|Latin America I 2001
|Regulation of Telecommunication Services with the Advent of All-IP Networks
|Director of Government Relations for the Andean Region
Traditional circuit-based telephone systems and mobile systems are giving way to Internet Protocol (IP) networks. The greater capacity of IP networks makes many new applications possible. By facilitating the growth of these systems, important social and economic contributions to regional development can be made. Through convergence, wired, wireless and IP networks should reach one billion Internet users by 2001 however new standards, regulations and laws will be needed to make it happen.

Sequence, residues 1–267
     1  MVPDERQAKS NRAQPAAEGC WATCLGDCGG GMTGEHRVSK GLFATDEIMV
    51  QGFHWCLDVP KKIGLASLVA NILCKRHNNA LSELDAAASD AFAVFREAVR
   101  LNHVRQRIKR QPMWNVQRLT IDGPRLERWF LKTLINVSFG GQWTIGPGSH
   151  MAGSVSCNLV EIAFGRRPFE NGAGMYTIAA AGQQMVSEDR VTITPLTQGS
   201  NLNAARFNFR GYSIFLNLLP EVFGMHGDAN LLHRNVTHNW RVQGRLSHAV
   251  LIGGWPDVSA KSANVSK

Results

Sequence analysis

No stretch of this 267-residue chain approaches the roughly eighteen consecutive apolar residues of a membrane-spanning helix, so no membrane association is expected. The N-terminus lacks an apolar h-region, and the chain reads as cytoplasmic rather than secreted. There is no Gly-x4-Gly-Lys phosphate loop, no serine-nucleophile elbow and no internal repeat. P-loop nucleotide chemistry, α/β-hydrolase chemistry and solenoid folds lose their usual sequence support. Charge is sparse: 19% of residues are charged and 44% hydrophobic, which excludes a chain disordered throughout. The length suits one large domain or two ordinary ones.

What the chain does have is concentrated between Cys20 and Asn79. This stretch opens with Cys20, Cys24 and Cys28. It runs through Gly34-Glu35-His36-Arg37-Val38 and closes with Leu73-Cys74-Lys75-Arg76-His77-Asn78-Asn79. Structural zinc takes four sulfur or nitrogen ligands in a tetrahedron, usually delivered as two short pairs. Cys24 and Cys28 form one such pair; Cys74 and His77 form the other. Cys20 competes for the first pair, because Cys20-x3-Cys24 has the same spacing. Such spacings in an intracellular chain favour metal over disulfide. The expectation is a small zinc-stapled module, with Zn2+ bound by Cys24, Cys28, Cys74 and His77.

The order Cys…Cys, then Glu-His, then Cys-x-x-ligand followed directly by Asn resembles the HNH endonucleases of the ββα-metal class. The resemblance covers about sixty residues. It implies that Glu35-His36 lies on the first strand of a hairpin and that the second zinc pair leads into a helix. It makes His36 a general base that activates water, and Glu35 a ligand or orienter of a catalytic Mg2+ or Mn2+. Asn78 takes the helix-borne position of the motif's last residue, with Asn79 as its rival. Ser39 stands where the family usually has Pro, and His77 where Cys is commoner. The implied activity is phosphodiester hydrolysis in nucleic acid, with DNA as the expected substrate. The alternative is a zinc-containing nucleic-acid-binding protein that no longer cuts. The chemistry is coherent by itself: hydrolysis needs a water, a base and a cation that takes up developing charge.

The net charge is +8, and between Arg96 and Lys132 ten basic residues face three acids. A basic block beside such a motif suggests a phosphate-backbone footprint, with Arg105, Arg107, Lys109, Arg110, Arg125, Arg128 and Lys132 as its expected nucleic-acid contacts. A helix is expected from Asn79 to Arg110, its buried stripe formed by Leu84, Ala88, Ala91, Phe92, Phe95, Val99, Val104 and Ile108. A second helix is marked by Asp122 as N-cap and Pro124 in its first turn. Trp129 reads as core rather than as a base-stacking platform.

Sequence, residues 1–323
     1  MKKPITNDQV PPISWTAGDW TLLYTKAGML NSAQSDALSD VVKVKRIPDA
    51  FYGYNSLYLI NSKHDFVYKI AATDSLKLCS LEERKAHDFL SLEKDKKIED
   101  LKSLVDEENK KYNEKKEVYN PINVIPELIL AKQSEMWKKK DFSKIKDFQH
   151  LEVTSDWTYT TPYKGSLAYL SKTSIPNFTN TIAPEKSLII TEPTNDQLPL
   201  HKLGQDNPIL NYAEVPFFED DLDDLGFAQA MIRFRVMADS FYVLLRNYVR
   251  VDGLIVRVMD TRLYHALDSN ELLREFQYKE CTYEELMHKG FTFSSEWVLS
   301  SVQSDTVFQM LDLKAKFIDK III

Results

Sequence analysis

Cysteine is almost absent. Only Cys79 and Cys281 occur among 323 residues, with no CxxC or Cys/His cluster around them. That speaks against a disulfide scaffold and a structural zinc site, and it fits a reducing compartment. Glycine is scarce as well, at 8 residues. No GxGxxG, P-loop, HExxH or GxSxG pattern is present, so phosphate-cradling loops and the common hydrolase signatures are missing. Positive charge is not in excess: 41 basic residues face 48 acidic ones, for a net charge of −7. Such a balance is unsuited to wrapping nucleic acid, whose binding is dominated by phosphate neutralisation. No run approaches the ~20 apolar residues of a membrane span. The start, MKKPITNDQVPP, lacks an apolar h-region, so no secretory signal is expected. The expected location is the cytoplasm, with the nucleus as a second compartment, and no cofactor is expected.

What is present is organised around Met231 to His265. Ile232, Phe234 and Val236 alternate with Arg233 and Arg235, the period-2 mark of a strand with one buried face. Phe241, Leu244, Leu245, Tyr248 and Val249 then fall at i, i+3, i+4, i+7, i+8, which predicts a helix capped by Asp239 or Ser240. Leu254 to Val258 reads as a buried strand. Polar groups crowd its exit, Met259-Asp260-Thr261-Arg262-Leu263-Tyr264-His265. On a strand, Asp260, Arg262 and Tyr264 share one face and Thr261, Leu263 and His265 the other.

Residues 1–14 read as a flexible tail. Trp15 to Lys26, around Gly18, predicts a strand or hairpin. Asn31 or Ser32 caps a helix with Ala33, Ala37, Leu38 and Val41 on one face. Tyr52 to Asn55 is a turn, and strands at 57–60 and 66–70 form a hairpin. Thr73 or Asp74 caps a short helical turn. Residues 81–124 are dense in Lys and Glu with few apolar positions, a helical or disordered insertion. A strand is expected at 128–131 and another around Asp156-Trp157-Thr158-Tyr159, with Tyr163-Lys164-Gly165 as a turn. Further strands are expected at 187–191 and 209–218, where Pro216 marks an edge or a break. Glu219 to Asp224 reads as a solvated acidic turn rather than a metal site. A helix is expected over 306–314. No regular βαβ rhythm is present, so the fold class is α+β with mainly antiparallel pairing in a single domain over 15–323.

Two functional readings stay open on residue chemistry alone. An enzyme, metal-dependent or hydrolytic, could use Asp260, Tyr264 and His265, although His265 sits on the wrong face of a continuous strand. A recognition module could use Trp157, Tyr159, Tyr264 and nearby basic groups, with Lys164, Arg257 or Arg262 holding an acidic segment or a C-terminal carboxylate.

It is worth noting that the evolution to Next Generation Networks is not just a technological change for which regulators, operators and providers must develop an adequate response. It is, rather, the advent of a new, radically different, scenario in the fundamental concept of telecommunications. Next Generation Networks are a means for developing and strengthening the Global Information Society. So far, voice transmission services have been the key component in communications systems using physical equipment and logical structures proper to each type of service. Packet switching will necessarily generate, mainly for economical reasons, service convergence. A shared interface telecommunication platform, which is independent of the type or means of access (wireless, Cable TV, XSDL, etc.), will allow the users freedom to establish, eliminate, or adapt services as determined by competitive circumstances. 3G/IMT-2000 wireless systems, one of the most significant pillars of this new scenario, will support a converged set of voice, data and multi-media services and will be fully integrated with personal networks. This convergence will produce applications that are based upon data/video-streaming, where voice is secondary. The traditional telephony regulatory framework will not always apply in this context. It will be necessary to migrate to an appropriate, new, regulatory environment coherent with the intrinsic characteristics of the Next Generation Networks. Regulators worldwide must realize that, following in the wake of the new business environment, vendors and operators are transforming themselves from voice-centric, circuit-switched providers of products, to data-centric, IP-based providers of solutions and applications with capacities hundreds of times greater than today’s networks. Large operators have already begun investing in upgrading their networks towards an “all-IP” architecture. It is expected that deployment of all-IP based networks by operators will first appear in Europe and Japan in 2002, with the rest of Asia following in 2003. The Americas are expected to deploy IP based networks in late 2003 to early 2004, in parallel with 3G deployment (Figure 1). As voice becomes an increasingly smaller fraction of the total percentage of bits transferred, deploying a network only for the delivery of voice services will no longer be justifiable. Consequently, there will be an enormous effort to create IP technologies, which support real-time applications of reliable services and carrier grade quality. The expected market should be robust. Today’s 500 million wireless voice users and 200 million wired access Internet users, it is predicted, will converge and create one billion wireless access Internet users by the year 2003. All-IP based networks will ultimately cause the current communication infrastructure to evolve into a true information infrastructure Circuit-Switched Networks Circuit switching is the network architecture for the PSTN. It allows communications facilities, or circuits to be shared among users, but with each user having sole access to a circuit, (i.e., each circuit is dedicated to a user). This network is optimized for voice transmission. For mobile communication, the current wireless circuit switched networks use wireless air interface protocols, such as Global System Mobility (GSM), Code Division Multiple Access (CDMA), Time Division Multiple Access (TDMA), to connect to the MSC , which in turn communicates with other network devices (e.g. the PSTN and the Internet) on a dedicated circuit basis. Each circuit-switched system in essence stands alone and each is regulated as an end-to-end service, consisting of: o The message origination; o The customer equipment (e.g., plain black phone, data set, cell phone); o The application (e.g., voice, SMS); o The carrier network; o The delivery, often to a subscriber on the same network. The owners of these facilities defined the services provided by their networks, usually including only limited inter-network services. These services were often hampered by major incompatibilities, both in technology and in business arrangements. In contrast, each IP-based system, including evolved legacy systems, is part of a larger, amorphous system. While the owners of the facilities may well offer services, the nearly seamless nature of this new environment offers added value to the applications that transcends single systems and therefore poses an entirely different business model. IP-based Networks IP-based packet switched networks can be expected to change: o How carriers provide their service; o How innovative and customized applications are offered; o How customers access them; Such fundamental changes will require a different regulatory approach than was needed for circuit-switched services. The core of the IP-based network is packet switching. Instead of reserving a dedicated circuit for the length of the call, a packet switching network allows many users to share transmission capacity by breaking up information into packets and then using a transmission line to alternately send packets from several different users. The IP backbone enables direct inter-connection between wireless networks (e.g., cellular, paging) and both IP and non-IP networks (e.g., PSTN, Internet) without the need, and consequent delay, of going through a circuit switch gateway circuit. The result is that all IP-based networks have the ability to offer “bandwidth on demand” (i.e., to carry a higher volume of converged voice, data and multimedia traffic over a common transmission and routing infrastructure more efficiently and at a lower cost). Additionally, the layered approach of IP-based networks improves flexibility for operator access networks, core network providers and service providers. It is important to underscore the fact that the advent of the Internet, its explosive growth, and hence its quasi universal presence means that the Internet Protocol is likely to be the universal interface on the access perimeter of future generation networks. In fact, three separate industries are converging around this concept: – The computer industry – The telecom industry – The mass media industry The acceptance of IP as a common protocol has a momentum of its own, fed by traditional market forces. For most operators, the question is not if they will deploy IP networks, but when. Benefits of an IP-based Network The convergence of wireless communication and the Internet will provide limitless access to information of all forms and provide extraordinary opportunity. It sets the stage for Universal Access, closing the gap between the “information haves and have-nots”. We have already witnessed the explosive growth of the Internet and the resultant economic benefits, including increases in revenue and job opportunities and decreases in costs. These benefits are generating unprecedented interest from diverse industry sectors (e.g., wireless providers, manufacturers, content industry, ISPs, virtual network providers, IT industry), operators, service providers, consumers, regulators and governments. The ability of an all-IP based network architecture to connect the Internet, the PSTN, myriad enterprise applications, existing and future third-party applications with the freedom of wireless mobility, is beneficial not only to operators, but to third-party entrepreneurs, the consumer and society in general. The benefits that IP-based Wireless networks provide to operators include: o An orderly migration path from existing wireless technologies (2G, 2.5G, 3G) o The capability of extending, re-using and upgrading existing technology investment in a modular fashion o Improved system capacity and quality of service o Reduced network operating costs associated with the maintenance of leased lines and interconnects on the current circuit switched network. Because IP is open and non-proprietary it allows third party developers to access and add applications and features to the network, which in turn enables them to provide feature-rich customized applications to the consumer. IP increases system performance and reliability. It allows for the creation, storage and access to a wide range of information resources. For the consumer, there will be a choice of customized services and features at lower cost. IPs inter-working function ensures that appropriate network resources are assigned so that services (e.g., IP Telephony and Real Time Video) can be optimally delivered to a wide range of wireless and fixed subscriber devices. Deployment of IP-based networks will be accompanied by: o A considerable decentralisation of network management o Access technology independence o Different, constantly changing business and market models, especially with regard to the pricing and financing schemes; o The entry of many new industry players from other sectors; o An increasing concentration of broadband services environment on IP platforms, which will resemble the Internet client/server model more than the traditional telecommunications model. Thus the circuit-switch regulatory paradigm, especially for regulators accustomed to regulating end-to-end Quality of Service becomes inapplicable. Wireless IP Standards Activities One of the main attributes of next generation networks is their adherence to standards. Actually, a standard, more than an attribute, is a critical element that ensures next generation networks have a series of attributes in common such as modular flexibility, safety, service quality, convergence, open architecture, scalability and the like. The influence of the Internet and IP technology has extended to encompass the mobile communication industry. Its standards bodies, operators and radio access network equipment vendors have embraced IP as the networking architecture of choice for delivering a whole new class of service application offerings by adding mobility to Internet accessibility. Today’s wireless core network is based on a circuit switched architecture similar to that found in SS7 wireline telecommunication networks. With the advent of IP technologies and the tremendous growth in data traffic, the wireless industry is evolving their core networks toward IP technology. Wireless telecommunication started as an offshoot of wireless telephony and with the absence of global standards resulted in regional standardization. Two major mobile telecommunication standards have dominated the global wireless market, namely TDMA/CDMA developed by the Telecommunications Industry Association (TIA) in North America and GSM developed by the European Telecommunications Standards Institute (ETSI) in Europe. As we move towards third generation wireless there is a need to develop standards which are more global and collaborative. The trend towards a different approach to regulations and their development is nowhere as evident as it is in the development of standards. Once the exclusive purview of the International Telecommunications Union (ITU) and governments around the world, standard-making is now very much a joint effort. Recently the global wireless industry has created two new partnerships projects to address the subject issue: o 3GPP, which is developing 3G standards for GSM based systems o 3GPP2, which is developing 3G standards for IS-95 based CDMA standards. 3GPP and 3GPP2 have developed radio technology standards to support higher data rates and are now focusing on development of standards for all-IP networks. The work plan anticipates that a recommendation on how the specification development should be done on all-IP networks should be concluded by December 2001 for release to the Standards Development Organizations. A common set of IP Mobility protocols are needed to provide network level mobility between different access networks including wireless. The IETF is developing a suite of protocols (Mobile IP) to achieve such mobility. A new Forum MWIF started recently intends to drive a single open mobile wireless Internet architecture that enables seamless integration of mobile telephony and Internet services and is independent of the access technology. TIPHON is an ETSI body that is focused on the broad question of making the new IP networks inter-operate with the old circuit switched networks. Standards Committee T1 contributes to IP/telecom issues as well and TIA also has relevant working groups. Regulatory Approach Regulatory authorities now must face the challenge of transforming themselves into strategists whose policies for the transition period must facilitate this shift and the advent of new operators, without encroaching on the stability of operating permits and legal commitments that are currently in force. The basic regulatory framework should encourage convergence, competence and the dissociation between networks and applications or services. The idea is to shift gradually to an environment in which the only factors regulated are: o Management of scarce and unique resources (such as the radio frequency spectrum, numbering plans and/or domain names) o Interconnection/access requirement. o Licensing for the provision of the ‘service of telecommunications,’ comprising of voice, data and multi-media applications. o Management of Universal Services This will ultimately allow users to choose the access to services, contents and applications that best suits them while seeking the best financial conditions. Many regulators have already begun this transition, at least in some measure, with the move to a competitive, market-based, telecommunication environment. How-ever, upon closer inspection of the regulatory environments of most countries, one finds that there is still significant reliance on regulations that were designed for a much earlier time. Conclusion Most existing telecommunication regulations, standards, rules and policies, grew up with today’s circuit-switched voice telecommunication services. While a great part of the wireless IP networks now going into service will evolve from existing systems, the services they will provide will not be voice-centric. Therefore, it would be wrong to assume that the regulatory framework can be the same. Creative minds are working on entirely new paradigms for marketing, charging for services or packages of services, revenue sharing arrangements among all players in the sector (i.e., PSTN, cellular operators, cable television providers, etc). They are also working on new parameters for inter-operability criteria, contents and applications, and business models. IP-based 3G/IMT-2000 wireless net-works will provide users with a personal networking capability and give them access to an array of unique, innovative, converged services. In some parts of the world these systems will provide the primary means of Internet access. As non-voice-centric services, they clearly should not be subject to traditional voice regulation. On the contrary, regulators should provide operators with every incentive to make these data/multi-media centric services available to the public as quickly as possible. The technologies being employed to implement IMT-2000 are significant breakthroughs; they will totally transform the way telecommunication infrastructure is used. The capability will soon be here for entrepreneurs to offer new services using streaming video, data and voice. These services, originating anywhere on the emerging integrated, global, IP-based telecommunication network, will be available to customers anywhere else on the network. The technical impediments are all but solved. This is the dawn of a new telecommunication era. Regulators, however, must allow and encourage the potential of all-IP based systems, in benefit of the social and economical development so that their countries and regions can become active partners of the Global Information Society.